Taiwan's new President Tsai Ing- wen has a message for Beijing: There is nothing to fear about democracy.
In a Facebook post yesterday on the 27th anniversary of the June 4 Tiananmen incident, Ms Tsai offered to share Taiwan's democratisation experience with its giant communist neighbour.
"As President, I am not pointing fingers at the political system on the other side, but am genuinely, sincerely willing to share the democratisation experience of Taiwan," she said.
"If the other side is willing to give the mainland Chinese people more rights, people around the world will respect mainland China more."
Ms Tsai's offer is unlikely to be taken seriously by Beijing, which took steps yesterday to silence mention of the 1989 incident where its army cracked down on pro-democracy protesters, resulting in hundreds, if not thousands, of deaths.
China has since maintained that the students were engaging in a "counter-revolutionary rebellion".
Analyst Zheng Zhenqing of Tsinghua University in Beijing dismissed Ms Tsai's offer as "just rhetoric".
"How do you 'share' such things? Political reforms are not an apple to be carved up and shared in a meal."
On whether Ms Tsai's message was aimed more at burnishing her credentials at home, Mr Chang Pai- ta, a former deputy of the China Affairs Department in Taiwan's ruling Democratic Progressive Party (DPP), said both DPP and Kuomintang politicians have urged Beijing to "correct its stance over Tiananmen". It is a "goodwill gesture" instead, he added.
But this will not go down well in Beijing, which continues to regard Ms Tsai with suspicion after her May 20 inauguration at which she did not accede to its demand to recognise a "one China" principle.
Ms Tsai's comments yesterday follow the first commemoration of the Tiananmen incident in Taiwan's Parliament on Friday.
While Taiwan and Hong Kong have held sombre ceremonies and vigils in the past week, China has kept a tight lid on such activities.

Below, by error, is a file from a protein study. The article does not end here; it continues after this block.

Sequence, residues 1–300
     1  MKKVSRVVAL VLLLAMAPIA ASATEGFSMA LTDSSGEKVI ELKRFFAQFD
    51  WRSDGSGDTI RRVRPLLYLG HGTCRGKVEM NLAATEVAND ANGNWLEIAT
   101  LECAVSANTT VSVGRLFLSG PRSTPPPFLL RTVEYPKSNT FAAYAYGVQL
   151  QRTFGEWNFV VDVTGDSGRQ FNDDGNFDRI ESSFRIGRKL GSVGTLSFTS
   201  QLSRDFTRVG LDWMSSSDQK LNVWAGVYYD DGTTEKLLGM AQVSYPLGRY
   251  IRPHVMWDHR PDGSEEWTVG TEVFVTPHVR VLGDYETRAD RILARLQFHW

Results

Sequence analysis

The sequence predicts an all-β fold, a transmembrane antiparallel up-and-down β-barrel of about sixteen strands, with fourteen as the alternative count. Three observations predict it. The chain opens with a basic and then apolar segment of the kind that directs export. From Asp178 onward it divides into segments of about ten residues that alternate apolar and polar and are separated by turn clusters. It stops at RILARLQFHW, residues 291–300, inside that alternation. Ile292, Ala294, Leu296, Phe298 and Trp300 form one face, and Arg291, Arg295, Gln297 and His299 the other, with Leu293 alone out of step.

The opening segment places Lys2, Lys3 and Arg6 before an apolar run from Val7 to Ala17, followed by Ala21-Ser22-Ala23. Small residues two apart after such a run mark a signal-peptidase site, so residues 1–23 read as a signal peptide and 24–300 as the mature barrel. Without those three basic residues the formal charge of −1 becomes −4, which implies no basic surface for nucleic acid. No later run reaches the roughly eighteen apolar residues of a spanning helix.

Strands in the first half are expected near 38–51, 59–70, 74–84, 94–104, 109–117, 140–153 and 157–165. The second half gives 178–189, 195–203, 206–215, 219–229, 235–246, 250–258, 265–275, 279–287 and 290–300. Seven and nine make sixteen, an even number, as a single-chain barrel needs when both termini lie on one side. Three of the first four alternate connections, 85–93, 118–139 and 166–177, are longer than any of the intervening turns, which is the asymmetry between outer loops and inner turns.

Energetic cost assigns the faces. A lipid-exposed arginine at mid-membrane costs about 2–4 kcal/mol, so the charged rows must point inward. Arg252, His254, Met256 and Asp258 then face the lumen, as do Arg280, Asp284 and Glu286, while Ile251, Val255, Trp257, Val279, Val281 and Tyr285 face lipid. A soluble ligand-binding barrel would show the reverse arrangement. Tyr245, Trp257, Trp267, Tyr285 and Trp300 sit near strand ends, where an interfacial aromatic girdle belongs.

Security was high in Beijing yesterday. Six human rights activists have been detained since Thursday after they held a private commemoration ceremony, said a Chinese non-governmental organisation.
And, as in the past, the "Tiananmen Mothers", whose children died in the incident, were placed under heavy surveillance.
Ms Tsai drew parallels between the political journeys of China and Taiwan. While China has undoubtedly made progress in improving the material lives of its people, she said, political and societal reforms remain impeded. The Tiananmen incident, for instance, led to loss of lives, a loss of faith in reforms and mass emigration from China.
"Taiwan went through the same," she said, in an allusion to the four decades of martial law that ended in 1987.
"Because we trod a similar path, we can understand the desire of the students at Tiananmen Square for democracy and freedom."
Meanwhile, she said, her responsibility is to maintain the identity of the Taiwanese as a democratic and free people while also maintaining cross-strait peace and stability.
"Hopefully one day, both sides will have the same views on democracy and human rights."